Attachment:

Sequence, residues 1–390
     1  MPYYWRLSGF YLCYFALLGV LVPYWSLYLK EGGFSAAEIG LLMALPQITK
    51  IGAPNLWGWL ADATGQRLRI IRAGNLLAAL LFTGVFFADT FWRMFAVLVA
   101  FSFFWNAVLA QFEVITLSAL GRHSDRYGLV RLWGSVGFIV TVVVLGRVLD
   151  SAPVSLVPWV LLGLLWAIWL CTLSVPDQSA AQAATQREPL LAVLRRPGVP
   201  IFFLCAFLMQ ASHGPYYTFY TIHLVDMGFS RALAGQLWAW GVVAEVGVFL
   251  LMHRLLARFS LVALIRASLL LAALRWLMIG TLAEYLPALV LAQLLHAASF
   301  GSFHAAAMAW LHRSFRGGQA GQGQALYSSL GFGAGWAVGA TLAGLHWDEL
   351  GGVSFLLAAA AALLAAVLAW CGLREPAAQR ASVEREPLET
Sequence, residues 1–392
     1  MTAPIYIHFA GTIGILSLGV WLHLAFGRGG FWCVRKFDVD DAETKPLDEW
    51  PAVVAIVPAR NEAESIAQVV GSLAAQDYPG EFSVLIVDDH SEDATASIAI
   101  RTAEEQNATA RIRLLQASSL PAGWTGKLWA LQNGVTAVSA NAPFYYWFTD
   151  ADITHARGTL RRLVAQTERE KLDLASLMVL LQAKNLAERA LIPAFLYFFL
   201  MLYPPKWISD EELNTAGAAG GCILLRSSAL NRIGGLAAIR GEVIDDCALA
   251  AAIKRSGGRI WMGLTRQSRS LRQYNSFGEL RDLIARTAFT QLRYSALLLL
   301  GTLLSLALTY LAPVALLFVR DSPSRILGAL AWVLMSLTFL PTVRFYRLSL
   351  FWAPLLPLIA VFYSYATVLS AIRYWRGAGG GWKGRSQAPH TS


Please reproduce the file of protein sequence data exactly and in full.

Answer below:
Sequence, residues 1–390
     1  MPYYWRLSGF YLCYFALLGV LVPYWSLYLK EGGFSAAEIG LLMALPQITK
    51  IGAPNLWGWL ADATGQRLRI IRAGNLLAAL LFTGVFFADT FWRMFAVLVA
   101  FSFFWNAVLA QFEVITLSAL GRHSDRYGLV RLWGSVGFIV TVVVLGRVLD
   151  SAPVSLVPWV LLGLLWAIWL CTLSVPDQSA AQAATQREPL LAVLRRPGVP
   201  IFFLCAFLMQ ASHGPYYTFY TIHLVDMGFS RALAGQLWAW GVVAEVGVFL
   251  LMHRLLARFS LVALIRASLL LAALRWLMIG TLAEYLPALV LAQLLHAASF
   301  GSFHAAAMAW LHRSFRGGQA GQGQALYSSL GFGAGWAVGA TLAGLHWDEL
   351  GGVSFLLAAA AALLAAVLAW CGLREPAAQR ASVEREPLET
Sequence, residues 1–392
     1  MTAPIYIHFA GTIGILSLGV WLHLAFGRGG FWCVRKFDVD DAETKPLDEW
    51  PAVVAIVPAR NEAESIAQVV GSLAAQDYPG EFSVLIVDDH SEDATASIAI
   101  RTAEEQNATA RIRLLQASSL PAGWTGKLWA LQNGVTAVSA NAPFYYWFTD
   151  ADITHARGTL RRLVAQTERE KLDLASLMVL LQAKNLAERA LIPAFLYFFL
   201  MLYPPKWISD EELNTAGAAG GCILLRSSAL NRIGGLAAIR GEVIDDCALA
   251  AAIKRSGGRI WMGLTRQSRS LRQYNSFGEL RDLIARTAFT QLRYSALLLL
   301  GTLLSLALTY LAPVALLFVR DSPSRILGAL AWVLMSLTFL PTVRFYRLSL
   351  FWAPLLPLIA VFYSYATVLS AIRYWRGAGG GWKGRSQAPH TS